These Dow Stocks Escaped the Plunging Market

Yesterday, investors had high hopes that today's job numbers would give some positive signs about the health of the economy. Unfortunately, what they got, instead, was cold water in their faces, as payroll gains of only 80,000, and no change to the stubbornly high 8.2% unemployment rate,  reawakened concerns that attempts to jump-start economic growth aren't getting people back to work. Although the stock market closed well off the low of the day, the Dow Jones Industrials (INDEX: ^DJI  ) still dropped 124 points, or almost 1%.

The vast majority of Dow stocks lost ground on the day, but there were still a few winners. More than half a dozen stocks closed higher on the day, however. Home Depot (NYSE: HD  ) eked out a gain of a few cents on the day, although the most interesting news about the company came from a Wall Street Journal article on how the company, and several other Atlanta-based corporations, are lobbying for increased city sales taxes in their home city to finance needed infrastructure improvements. Increasingly, companies could find themselves as key players in similar negotiations, especially as cash-strapped local governments struggle to afford expenditures.

Once again, though, the weak-economy plays were among the best performers today. Both McDonald's (NYSE: MCD  ) and Wal-Mart aim squarely at low-end customers with their value-priced offerings, and both stocks have found ways to succeed in economic environments in which their higher-end peers have failed miserably.

Finally, Dow telecoms Verizon and AT&T (NYSE: T  ) both posted modest gains on this losing day. Investors are starting to look forward to the expected release of the iPhone 5 this fall, and with both AT&T and Verizon moving away from unlimited data plans, the question remains whether customers will stick with the carriers or, instead, move to rival Sprint (NYSE: S  ) . In an industry dominated by subsidized phones, the carriers need to sort out their differences if they want to unite against smartphone manufacturers to impose a more profitable scheme for their own business models.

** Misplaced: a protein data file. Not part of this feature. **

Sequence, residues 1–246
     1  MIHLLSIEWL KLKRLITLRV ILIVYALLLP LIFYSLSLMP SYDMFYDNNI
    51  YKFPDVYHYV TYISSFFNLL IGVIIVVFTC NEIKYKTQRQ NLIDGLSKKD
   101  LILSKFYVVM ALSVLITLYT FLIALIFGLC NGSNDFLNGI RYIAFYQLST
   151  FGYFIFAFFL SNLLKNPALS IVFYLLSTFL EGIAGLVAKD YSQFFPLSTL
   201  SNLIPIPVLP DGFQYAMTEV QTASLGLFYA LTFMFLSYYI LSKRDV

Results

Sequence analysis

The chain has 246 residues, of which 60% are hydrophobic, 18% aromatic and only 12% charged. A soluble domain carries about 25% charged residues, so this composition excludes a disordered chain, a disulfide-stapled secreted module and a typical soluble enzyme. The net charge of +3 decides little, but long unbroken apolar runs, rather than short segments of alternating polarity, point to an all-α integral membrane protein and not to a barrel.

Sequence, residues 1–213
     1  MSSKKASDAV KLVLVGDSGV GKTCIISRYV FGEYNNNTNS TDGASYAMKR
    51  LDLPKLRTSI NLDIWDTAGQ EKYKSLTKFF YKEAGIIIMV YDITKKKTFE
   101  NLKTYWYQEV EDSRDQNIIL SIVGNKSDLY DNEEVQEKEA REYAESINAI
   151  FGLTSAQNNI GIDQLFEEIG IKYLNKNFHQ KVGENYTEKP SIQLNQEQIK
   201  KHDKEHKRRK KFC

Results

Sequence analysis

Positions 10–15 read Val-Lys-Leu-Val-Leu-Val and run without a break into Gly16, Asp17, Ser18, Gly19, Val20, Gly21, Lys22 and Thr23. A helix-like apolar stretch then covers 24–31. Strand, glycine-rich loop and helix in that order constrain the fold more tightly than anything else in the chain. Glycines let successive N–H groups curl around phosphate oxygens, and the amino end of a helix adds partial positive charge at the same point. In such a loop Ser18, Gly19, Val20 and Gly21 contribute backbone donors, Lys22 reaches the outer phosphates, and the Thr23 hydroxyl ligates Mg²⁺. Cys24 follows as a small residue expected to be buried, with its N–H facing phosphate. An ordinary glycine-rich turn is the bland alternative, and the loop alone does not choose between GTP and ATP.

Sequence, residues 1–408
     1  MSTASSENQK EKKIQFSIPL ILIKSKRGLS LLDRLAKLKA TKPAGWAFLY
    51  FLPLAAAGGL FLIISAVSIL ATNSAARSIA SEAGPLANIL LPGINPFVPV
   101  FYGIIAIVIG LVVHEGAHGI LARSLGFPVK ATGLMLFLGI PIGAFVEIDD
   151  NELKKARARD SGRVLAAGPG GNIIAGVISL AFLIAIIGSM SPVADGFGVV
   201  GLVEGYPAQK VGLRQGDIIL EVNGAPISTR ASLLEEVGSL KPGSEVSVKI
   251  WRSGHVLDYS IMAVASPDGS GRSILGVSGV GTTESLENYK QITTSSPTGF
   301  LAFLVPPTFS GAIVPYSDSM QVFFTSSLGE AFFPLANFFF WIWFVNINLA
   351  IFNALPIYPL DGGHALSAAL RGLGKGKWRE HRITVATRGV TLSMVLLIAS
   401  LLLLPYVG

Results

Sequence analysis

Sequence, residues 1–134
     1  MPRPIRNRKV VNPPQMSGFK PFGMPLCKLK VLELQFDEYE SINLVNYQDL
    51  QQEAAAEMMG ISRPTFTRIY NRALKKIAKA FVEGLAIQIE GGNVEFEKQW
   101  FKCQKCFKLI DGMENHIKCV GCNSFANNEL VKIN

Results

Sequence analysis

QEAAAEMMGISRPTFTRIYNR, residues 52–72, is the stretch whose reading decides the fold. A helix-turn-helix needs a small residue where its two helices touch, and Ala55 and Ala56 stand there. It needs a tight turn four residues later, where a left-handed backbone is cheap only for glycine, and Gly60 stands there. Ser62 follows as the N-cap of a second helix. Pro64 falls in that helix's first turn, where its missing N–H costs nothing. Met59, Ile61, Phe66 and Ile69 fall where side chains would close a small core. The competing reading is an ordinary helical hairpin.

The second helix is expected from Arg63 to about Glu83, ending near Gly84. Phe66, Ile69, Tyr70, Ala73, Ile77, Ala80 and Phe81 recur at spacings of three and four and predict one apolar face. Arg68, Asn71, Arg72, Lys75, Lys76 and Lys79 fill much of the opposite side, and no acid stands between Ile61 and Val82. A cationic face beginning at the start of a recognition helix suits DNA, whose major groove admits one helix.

Take a break
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Fool contributor Dan Caplinger doesn't own shares of the companies mentioned. You can follow him on Twitter @DanCaplinger. The Motley Fool owns shares of McDonald's. Motley Fool newsletter services have recommended buying shares of McDonald's and Home Depot, as well as creating a diagonal call position in Wal-Mart. Try any of our Foolish newsletter services free for 30 days. We Fools may not all hold the same opinions, but we all believe that considering a diverse range of insights makes us better investors. The Fool has a disclosure policy.


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  • Report this Comment On July 07, 2012, at 12:57 AM, conradsands wrote:

    For the post-paid customer, the fact remains that Sprint is the only U.S. carrier to offer them the iPhone experience with unlimited data plans starting at $79.99 per month. Plus, Verizon now charges its customers $30 to upgrade to a new phone when they renew. AT&T charges $36. But Sprint only charges $18. An investment writer recently summed it up best: “Sprint offers the best value proposition for a new smartphone user. I got my first smartphone on Sprint because a new AT&T or Verizon data plan is outrageous. My Sprint plan includes 450 afternoon mobile-to-landline minutes, unlimited other minutes, and unlimited texting and data for $79.99. Unlimited AT&T or Verizon plans would approach $150, and to get a comparably-priced package, I'd have to settle on limited data or texting plans, which I'd have to constantly try to not blow through. Why get a smartphone if you can't have fun using it?” Sprint also placed first in the industry in customer satisfaction, according to results from the 2011 and 2012 American Customer Satisfaction Index.

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